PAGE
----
Title: Prince of Thieves.
Author: Chuck Hogan.
Genre: Fiction, crime, suspense, romance.
Publication Date: 2004.
Summary: Four masked men—thieves, rivals, and friends from the tough streets of Charlestown—take on a Boston bank at gunpoint. Holding bank manager Claire Keesey hostage and cleaning out the vault was simple. But career criminal Doug MacRay didn't plan on one thing: falling in love with Claire. With a tenacious FBI agent following his every move, not to mention becoming a rival for Claire's heart, Doug imagines a life away from his gritty, dangerous work. A life centered around Claire and peace. But for Doug, that new life is just one final, perfect job away...
My rating: 7.5/10.
How great the darkness.
♥ First, a toast. Raise a glass. Solemn now:
To the Town.
To Charlestown, our one square mile of brick and cobblestone. Neighborhood of Boston, yet lopped off every map of the city like a bastard cropped out of a happy family portrait.
This is the heart of the "Old Eleventh," the district that first sent the Kennedy kid to congress. The one square mile of America that shipped more boys off to World War II than any other. Site of the Battle of Bunker Hill, the blood of revolution sprinkled like holy water over our soil and our souls. Turf and Tribe and Townie Pride—our sacred trinity.
But now look at these outsiders snapping up our brownstones and triple-deckers. Pricing us out of our own mothers' houses. Yuppies with their Volvos and their Asian cuisine, their disposable incomes and contempt for the church—succeeding where the British army failed, driving us off our land.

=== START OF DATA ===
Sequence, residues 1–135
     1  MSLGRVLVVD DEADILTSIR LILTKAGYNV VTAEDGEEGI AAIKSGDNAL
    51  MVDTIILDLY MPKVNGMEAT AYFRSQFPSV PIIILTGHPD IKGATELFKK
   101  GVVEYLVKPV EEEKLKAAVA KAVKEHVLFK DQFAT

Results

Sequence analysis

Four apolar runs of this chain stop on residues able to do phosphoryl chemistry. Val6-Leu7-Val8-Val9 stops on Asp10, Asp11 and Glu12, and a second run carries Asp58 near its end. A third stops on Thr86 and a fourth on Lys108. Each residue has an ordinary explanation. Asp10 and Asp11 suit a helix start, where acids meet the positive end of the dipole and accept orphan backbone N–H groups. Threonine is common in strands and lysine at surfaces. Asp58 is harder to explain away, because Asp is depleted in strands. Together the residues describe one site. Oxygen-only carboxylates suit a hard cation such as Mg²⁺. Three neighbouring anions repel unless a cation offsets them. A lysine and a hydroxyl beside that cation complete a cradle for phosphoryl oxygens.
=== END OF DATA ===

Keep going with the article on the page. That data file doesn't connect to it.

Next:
But sure, we don't go away so easy. "Don't fire until you see the whites of their eyes!"—that was us, remember. This carnation here may be a bit brown at the edges—bit see it still pinned to the tweed lapel over my beating Townie heart.
Be a hero now, reach me that jar. We'll have a hardboiled egg with this last one, see how she goes down. It's caps off, gents. Here's to that towering spike on a hill, the granite battle monument that'll outlast us all: the biggest feckin' middle finger in the world, aimed right at good brother Boston and the twenty-first century beyond.
To the Town. Here's how.
♥ Doug had lost his buzz—the action, fear, and momentum that was the cocktail of banditry. Get in, get the money, get out. His father talking, but fuck it, on this subject the old crook was right.
♥ The trend in "community banking" was to feature the branch manager's office up front, prominent behind glass walls, playing up accessibility and putting a friendly, local face on a corporation that charges you fees for the privilege of handing you back your own money.
♥ "Marathon runs right by here?"
"Holy shit, Frawl, I forgot. Look at you. Twenty-six point two miles and you're up and around like nothing happened."